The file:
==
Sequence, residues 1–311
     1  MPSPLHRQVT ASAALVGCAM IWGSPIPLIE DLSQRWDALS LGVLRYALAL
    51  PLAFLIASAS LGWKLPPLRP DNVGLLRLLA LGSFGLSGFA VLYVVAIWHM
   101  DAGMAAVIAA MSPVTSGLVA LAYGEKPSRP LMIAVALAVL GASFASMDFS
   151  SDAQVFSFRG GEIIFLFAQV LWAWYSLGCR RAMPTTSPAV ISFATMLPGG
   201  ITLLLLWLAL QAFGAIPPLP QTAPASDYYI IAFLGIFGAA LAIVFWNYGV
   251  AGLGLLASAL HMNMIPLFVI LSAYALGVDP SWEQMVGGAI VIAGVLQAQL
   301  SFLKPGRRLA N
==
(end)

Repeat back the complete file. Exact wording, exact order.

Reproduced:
Sequence, residues 1–311
     1  MPSPLHRQVT ASAALVGCAM IWGSPIPLIE DLSQRWDALS LGVLRYALAL
    51  PLAFLIASAS LGWKLPPLRP DNVGLLRLLA LGSFGLSGFA VLYVVAIWHM
   101  DAGMAAVIAA MSPVTSGLVA LAYGEKPSRP LMIAVALAVL GASFASMDFS
   151  SDAQVFSFRG GEIIFLFAQV LWAWYSLGCR RAMPTTSPAV ISFATMLPGG
   201  ITLLLLWLAL QAFGAIPPLP QTAPASDYYI IAFLGIFGAA LAIVFWNYGV
   251  AGLGLLASAL HMNMIPLFVI LSAYALGVDP SWEQMVGGAI VIAGVLQAQL
   301  SFLKPGRRLA N